Getting Hacked Sucks! If you have ever had your website hacked, you know that feeling – the dreaded fear of vulnerability and the humiliation of defeat. In my 20-year career in digital marketing, I have felt that feeling a few times. The funny thing is that the majority of web hacks are not personal. These people do not know you and they do not hate your business – they are simply running automated scripts that scour the internet to find vulnerabilities and exploit them for either bullshit money-making purposes or just plain being assholes.
I was once attacked by a guy who got access to my web file directory and simply pasted text docs in every folder that had the word “HACKED” written on them. That was it, nothing malicious, didn’t wreck any pages or files,… just being a pain in the ass. On another instance, the hacker actually got into the backend of my WordPress site and set it up to redirect anyone visiting my site to be redirected to some Financial Firm in China. That one was fun to troubleshoot and fix.
This entire article to urge you to start paying attention to your website’s vulnerabilities and to ask questions of your web designer.
How a WordPress Site Gets Hacked
In this post, we’re going to focus primarily on the top two risks – plugins & brute force. Because if you can protect yourself against plugin vulnerabilities and brute force attacks, you are accounting for over 70% of the problem.
Plugins Are Your Biggest Risk
Plugins play a big part in making WordPress as popular as it is today. There are over 50,000 plugins available for download in the official WordPress plugin directory. That is an incredible selection of awesome and creative plug and play software to enhance your website. But you obviously need to be careful with them, as plugin vulnerabilities represented 56% of the known entry points.
Here are some tips choosing plugins and keeping those plugins safe from attacks.
Keep them updated
Reputable plugin authors fix vulnerabilities very quickly when discovered. By keeping them up to date you ensure that you benefit from fixes before attackers can exploit them. We recommend that you check for updates at least monthly.
Don’t use abandoned plugins
You are relying on the plugin developer to ensure that their code is free of vulnerabilities. If they are no longer providing updates there is a high likelihood that there are vulnerabilities that have not been fixed. We recommend avoiding plugins that have not been updated in over 3 months. For plugins you have already installed we recommend you conduct an audit at least quarterly to make sure none of your plugins have been abandoned by their authors.
Only download plugins from reputable sites
If you are going to download plugins somewhere other than the official WordPress repository, you need to make sure the website is reputable. One of the easiest ways for attackers to compromise your website is to trick you into loading malware yourself. Be sure they have a lot of downloads already, and a good rating.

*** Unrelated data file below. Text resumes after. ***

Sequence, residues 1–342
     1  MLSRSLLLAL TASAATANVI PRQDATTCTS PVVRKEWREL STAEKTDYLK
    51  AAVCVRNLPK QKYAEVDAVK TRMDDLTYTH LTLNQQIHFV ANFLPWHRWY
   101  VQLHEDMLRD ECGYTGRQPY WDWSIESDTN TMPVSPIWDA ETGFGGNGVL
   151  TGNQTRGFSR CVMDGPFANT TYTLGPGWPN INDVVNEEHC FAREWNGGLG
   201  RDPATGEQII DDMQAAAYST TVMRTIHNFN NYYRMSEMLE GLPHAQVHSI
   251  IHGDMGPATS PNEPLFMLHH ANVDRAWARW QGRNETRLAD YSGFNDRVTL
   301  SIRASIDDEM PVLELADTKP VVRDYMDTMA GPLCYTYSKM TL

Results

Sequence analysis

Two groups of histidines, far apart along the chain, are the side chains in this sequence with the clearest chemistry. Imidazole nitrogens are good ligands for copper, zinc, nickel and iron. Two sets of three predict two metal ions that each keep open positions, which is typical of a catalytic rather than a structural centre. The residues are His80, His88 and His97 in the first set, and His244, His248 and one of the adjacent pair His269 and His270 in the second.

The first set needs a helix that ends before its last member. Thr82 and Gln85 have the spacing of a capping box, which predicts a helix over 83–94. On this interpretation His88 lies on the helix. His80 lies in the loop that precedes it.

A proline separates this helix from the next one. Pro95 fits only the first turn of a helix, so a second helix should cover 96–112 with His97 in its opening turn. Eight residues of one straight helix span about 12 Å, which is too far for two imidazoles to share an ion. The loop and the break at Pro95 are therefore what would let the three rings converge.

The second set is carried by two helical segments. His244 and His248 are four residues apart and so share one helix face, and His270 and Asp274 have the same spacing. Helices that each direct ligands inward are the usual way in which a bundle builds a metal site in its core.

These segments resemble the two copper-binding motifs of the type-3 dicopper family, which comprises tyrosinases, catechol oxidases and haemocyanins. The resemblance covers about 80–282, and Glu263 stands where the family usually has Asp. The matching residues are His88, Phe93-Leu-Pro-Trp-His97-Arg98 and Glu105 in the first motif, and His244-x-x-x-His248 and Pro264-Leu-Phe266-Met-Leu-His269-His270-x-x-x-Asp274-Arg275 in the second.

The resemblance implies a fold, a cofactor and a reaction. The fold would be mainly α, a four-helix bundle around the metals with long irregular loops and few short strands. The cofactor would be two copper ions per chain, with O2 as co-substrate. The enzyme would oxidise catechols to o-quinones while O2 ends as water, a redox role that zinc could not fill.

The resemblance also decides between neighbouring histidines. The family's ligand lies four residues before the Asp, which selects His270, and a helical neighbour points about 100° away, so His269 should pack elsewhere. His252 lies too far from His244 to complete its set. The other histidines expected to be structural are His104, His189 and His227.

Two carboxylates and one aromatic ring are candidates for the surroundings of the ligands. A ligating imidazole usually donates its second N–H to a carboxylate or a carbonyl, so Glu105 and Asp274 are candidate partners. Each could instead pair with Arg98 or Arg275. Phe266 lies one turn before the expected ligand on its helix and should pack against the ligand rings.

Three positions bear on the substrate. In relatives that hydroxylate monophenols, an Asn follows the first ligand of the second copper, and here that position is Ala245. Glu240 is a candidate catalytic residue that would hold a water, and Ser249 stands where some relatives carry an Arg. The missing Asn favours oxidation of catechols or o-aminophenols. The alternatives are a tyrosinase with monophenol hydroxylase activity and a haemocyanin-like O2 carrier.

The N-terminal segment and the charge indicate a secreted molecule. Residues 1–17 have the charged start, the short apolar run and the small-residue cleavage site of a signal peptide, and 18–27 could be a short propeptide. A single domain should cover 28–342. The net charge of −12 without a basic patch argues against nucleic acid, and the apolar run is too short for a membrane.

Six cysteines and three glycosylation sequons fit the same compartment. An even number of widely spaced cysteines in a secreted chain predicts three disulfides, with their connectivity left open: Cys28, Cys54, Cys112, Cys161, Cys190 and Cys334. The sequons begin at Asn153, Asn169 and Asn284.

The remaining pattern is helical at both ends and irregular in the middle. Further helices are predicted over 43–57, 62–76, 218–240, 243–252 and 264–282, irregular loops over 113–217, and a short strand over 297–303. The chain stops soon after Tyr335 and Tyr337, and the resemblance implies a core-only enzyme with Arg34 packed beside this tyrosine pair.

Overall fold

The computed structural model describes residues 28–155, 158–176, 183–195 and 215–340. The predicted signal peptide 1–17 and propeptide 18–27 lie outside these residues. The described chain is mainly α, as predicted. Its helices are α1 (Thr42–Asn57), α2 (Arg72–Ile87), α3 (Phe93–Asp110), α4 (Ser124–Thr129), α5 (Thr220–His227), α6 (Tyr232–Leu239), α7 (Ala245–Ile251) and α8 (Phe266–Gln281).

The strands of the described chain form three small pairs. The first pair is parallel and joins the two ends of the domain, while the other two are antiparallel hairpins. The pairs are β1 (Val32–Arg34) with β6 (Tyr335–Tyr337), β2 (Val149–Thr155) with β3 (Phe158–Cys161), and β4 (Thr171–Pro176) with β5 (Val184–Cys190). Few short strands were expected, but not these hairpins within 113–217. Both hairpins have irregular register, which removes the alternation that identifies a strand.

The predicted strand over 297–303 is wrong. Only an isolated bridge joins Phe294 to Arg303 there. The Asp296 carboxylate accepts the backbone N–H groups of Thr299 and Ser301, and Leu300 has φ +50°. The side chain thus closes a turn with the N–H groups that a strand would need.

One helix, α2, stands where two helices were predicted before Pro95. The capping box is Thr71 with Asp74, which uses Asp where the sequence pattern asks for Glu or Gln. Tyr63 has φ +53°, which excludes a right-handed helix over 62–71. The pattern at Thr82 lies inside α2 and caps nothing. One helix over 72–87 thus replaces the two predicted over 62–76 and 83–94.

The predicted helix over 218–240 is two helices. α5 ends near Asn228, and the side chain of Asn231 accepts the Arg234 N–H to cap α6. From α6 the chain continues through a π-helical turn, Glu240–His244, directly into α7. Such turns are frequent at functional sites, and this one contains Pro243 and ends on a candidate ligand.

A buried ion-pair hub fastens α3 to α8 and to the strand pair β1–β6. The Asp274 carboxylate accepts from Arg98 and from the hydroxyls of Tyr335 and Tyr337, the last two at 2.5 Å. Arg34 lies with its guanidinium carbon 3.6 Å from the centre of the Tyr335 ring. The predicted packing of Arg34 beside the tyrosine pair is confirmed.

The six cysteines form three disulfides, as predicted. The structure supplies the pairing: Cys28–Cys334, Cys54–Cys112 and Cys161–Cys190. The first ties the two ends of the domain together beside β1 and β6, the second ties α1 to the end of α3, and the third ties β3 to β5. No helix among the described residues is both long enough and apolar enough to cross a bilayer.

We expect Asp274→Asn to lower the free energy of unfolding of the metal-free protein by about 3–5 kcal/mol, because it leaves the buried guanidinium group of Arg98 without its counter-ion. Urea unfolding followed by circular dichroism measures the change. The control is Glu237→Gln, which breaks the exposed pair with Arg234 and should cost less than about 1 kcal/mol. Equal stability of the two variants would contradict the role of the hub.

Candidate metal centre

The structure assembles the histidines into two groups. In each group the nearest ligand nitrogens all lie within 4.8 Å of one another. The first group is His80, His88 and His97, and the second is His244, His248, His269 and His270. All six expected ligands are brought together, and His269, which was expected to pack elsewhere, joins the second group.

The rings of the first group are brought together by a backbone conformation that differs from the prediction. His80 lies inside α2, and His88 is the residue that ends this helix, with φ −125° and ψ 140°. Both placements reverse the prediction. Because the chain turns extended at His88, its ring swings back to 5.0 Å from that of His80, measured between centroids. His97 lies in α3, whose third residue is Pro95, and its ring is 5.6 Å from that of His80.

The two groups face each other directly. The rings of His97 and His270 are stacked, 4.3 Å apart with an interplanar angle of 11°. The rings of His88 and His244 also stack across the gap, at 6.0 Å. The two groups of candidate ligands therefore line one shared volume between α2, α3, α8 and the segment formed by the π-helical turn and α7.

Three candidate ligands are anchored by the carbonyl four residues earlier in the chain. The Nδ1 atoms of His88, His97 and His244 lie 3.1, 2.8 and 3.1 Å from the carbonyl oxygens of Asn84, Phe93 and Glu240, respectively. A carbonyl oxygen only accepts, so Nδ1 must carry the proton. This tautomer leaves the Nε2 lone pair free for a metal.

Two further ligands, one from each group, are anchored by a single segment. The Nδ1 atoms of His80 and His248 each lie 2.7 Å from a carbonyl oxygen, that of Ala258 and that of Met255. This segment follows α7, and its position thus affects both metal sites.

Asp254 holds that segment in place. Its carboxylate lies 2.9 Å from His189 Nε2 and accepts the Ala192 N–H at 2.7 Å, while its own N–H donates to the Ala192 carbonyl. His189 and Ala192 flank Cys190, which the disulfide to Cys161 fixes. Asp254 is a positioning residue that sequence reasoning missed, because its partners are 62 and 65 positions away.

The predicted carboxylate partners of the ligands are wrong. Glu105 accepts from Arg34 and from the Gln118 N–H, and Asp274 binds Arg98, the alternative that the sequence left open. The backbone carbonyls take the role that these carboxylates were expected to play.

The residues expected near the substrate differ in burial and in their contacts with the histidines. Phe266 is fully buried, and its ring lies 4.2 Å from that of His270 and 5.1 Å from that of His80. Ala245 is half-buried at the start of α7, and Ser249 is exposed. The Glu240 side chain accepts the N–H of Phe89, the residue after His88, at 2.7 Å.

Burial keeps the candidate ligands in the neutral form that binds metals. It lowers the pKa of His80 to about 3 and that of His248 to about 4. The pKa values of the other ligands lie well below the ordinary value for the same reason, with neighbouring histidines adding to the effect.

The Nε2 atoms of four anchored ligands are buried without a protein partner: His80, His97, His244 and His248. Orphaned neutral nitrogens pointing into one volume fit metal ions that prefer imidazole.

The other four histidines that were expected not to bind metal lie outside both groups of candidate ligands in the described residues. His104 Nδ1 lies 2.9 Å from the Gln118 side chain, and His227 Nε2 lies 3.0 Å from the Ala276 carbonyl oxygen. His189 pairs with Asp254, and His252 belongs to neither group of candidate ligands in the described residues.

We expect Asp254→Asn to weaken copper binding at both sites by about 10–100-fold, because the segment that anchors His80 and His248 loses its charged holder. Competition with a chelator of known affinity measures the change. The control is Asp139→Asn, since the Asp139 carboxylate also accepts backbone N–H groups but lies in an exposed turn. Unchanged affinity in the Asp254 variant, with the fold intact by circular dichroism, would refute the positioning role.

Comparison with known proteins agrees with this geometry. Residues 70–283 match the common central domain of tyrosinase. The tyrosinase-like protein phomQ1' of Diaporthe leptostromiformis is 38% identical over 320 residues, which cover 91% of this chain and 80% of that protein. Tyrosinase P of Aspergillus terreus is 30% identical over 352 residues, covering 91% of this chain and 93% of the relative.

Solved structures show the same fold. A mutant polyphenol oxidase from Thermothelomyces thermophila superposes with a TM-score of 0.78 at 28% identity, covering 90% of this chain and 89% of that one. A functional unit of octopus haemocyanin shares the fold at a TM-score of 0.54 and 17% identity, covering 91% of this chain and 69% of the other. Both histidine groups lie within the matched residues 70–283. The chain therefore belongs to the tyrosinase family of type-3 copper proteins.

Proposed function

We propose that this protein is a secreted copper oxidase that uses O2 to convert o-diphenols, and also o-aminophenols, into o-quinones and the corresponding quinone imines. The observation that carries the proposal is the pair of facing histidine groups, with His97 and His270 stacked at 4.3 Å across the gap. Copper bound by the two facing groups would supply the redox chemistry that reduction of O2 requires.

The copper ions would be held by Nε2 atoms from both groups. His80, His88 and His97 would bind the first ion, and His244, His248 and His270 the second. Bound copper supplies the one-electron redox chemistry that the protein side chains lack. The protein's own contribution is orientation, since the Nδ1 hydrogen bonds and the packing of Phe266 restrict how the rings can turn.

Brute Force Attacks Are Still A Big Problem
A brute force attack is a password guessing attack. The attacker needs to both identify a valid username on your website and then guess the password for that username. Despite the availability of methods and technology that are 100% effective, this type of attack is still a huge problem, representing 16% of known entry points.
I get these emails on a daily basis from my security software on my client’s sites…
And in my client’s WordPress admin portals, I see data and stats like this every day…
Most of my clients don’t know that their site is being attacked hundreds, if not thousands, of times each month. It’s my job to ensure their site is protected.
Some tips for avoiding a hack via brute force attack:
Use Cellphone Sign-in
Also referred to as two-factor authentication, this approach requires the user to not only know their password, but to have possession of their cell phone as well. This technology is 100% effective in preventing brute force attacks.
Don’t Use Obvious Usernames
The most obvious usernames to avoid are ‘Admin’ and ‘Administrator’, they are the most common usernames attempted in brute force attacks. Also avoid using your domain name, company name and the names of people who are writing for your blog or are listed elsewhere on your website.
Enable Login Security
A fantastic plugin that I use on ALL my sites is Wordfence. It provides a long list of login security features.
- Enforce strong passwords
- Locking users out after a defined number of login failures
- Locking out users after a number of forgot password attempts
- Locking out invalid usernames
- Preventing WordPress from revealing valid usernames in login errors
- Preventing username discovery through author scans
- Immediate blocking of IPs that try to sign in as a defined list of usernames.
WordPress security is a battle fought on many fronts. But knowledge is power. This post is not set up to scare you, just make you aware of the realities of cyber hacking.
I hope that you take the opportunity to make improvements in how you select and manage plugins on your website. We also hope that you review your approach to brute force attack protection. Small investments in these areas will pay big security dividends. Stay safe!